ENTERTAINING MR SLOANE
Belgrade Theatre, Coventry, Thursday 3rd July, 2014
It’s fifty years since Joe Orton’s sordid little play was first produced and half a century later as this touring production from London Classic Theatre shows, it may not be as shocking as it once was, but it’s certainly still very funny.
Simon Kenny’s set has more junk than Steptoe’s yard but all the play requires is a sofa, and an armchair. We are in the lounge room of Kath, an emotionally scarred, sexually voracious woman in her forties. She has brought a young man called Sloane into the house with a view to renting him a room. Sloane is fit – more so, with a shock of bleached blond hair. The seductress becomes the seduced as Sloane ingratiates himself into the household. Kath’s decrepit old father, Kemp, smells a rat, recognising the young man in connection with a violent murder, but Kath’s brother Ed also takes a shine to the new lodger and so a power play ensues during which Kath proves she’s not so much of a victim and Ed allows his attraction to Sloane to get in the way of common sense.
Orton gives his characters eloquence and bathos, which makes them all the more grotesque, but their inner workings, their psychology, are all credible. The playwright also expects the audience to piece things together, from contradictory fragments of the characters’ back stories.
As smothering landlady Kath, Pauline Whitaker has the best comic timing of this quartet of fine performers, while Jonathan Ashley’s Ed reacts almost melodramatically or cartoonishly to Sloane’s bare torso and “I’m an orphan” sob story. Nicholas Gasson is both disgusting and endearing as the vulnerable old duffer, and Paul Sandys’s opportunistic Sloane is a mass of pent-up energy and cynical game-playing.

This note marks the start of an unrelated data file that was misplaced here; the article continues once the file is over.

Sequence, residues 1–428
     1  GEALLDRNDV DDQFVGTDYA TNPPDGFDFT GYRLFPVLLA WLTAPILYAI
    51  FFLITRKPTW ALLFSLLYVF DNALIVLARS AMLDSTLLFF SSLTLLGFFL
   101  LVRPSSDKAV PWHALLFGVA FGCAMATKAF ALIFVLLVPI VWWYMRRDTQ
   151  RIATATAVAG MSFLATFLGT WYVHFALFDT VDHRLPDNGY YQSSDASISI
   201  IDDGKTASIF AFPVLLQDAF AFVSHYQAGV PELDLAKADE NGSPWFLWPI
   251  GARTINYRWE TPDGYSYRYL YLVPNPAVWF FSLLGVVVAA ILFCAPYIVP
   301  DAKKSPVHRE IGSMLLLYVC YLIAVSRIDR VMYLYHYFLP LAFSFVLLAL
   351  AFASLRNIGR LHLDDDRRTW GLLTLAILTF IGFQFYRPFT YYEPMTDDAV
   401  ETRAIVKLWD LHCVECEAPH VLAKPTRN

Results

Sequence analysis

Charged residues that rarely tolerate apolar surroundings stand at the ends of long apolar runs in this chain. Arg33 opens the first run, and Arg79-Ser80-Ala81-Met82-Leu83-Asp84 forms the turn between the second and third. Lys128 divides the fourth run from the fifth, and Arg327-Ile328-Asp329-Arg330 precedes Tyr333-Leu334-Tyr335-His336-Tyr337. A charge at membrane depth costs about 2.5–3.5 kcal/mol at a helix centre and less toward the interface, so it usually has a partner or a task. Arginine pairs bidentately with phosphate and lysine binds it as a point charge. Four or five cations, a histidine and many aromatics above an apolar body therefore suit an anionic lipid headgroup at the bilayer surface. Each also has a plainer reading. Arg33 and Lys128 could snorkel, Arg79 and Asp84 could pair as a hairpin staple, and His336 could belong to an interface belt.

Director Michael Cabot lets Orton’s play speak for itself, keeping the laugh levels high and pitching the tone larger-enough-than-life to give the world of the play its own feel, where naturalistic speech, hyperbole and epigrams pour out of the characters’ mouths – ah, what Orton might have gone on to create, had he not been murdered!
This is the last week of a long tour and the cast show no signs of flagging. Well worth the trip to Coventry, this production shows us an old classic that still works to entertain and revile. We are all ruled by lust and fear, Orton says – behold the human animal in its glory.
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